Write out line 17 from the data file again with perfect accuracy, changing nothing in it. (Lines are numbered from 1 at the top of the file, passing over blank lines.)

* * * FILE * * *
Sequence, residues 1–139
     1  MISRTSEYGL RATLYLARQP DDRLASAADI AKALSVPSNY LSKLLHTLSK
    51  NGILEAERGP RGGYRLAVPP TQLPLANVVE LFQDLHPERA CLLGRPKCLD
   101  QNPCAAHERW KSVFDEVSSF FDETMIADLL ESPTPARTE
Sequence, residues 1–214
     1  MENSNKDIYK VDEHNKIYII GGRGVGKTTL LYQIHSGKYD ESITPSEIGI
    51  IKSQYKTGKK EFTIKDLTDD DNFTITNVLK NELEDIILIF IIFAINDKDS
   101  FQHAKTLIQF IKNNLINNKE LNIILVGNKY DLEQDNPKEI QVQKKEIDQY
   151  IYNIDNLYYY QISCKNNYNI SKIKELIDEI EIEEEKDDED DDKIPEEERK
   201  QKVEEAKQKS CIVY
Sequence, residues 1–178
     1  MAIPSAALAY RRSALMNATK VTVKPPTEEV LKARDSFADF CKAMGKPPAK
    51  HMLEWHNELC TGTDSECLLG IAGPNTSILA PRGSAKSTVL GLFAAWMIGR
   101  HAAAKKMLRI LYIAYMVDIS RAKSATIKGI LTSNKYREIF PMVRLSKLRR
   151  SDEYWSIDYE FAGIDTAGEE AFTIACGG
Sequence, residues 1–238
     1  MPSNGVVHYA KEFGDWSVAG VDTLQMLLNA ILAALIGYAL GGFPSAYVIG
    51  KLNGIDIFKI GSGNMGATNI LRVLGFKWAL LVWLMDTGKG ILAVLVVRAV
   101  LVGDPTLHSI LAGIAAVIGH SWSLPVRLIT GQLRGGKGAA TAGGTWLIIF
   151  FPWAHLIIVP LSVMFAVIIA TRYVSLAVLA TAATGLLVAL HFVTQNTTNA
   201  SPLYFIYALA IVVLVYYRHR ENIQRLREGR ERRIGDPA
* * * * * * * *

     1  MPSNGVVHYA KEFGDWSVAG VDTLQMLLNA ILAALIGYAL GGFPSAYVIG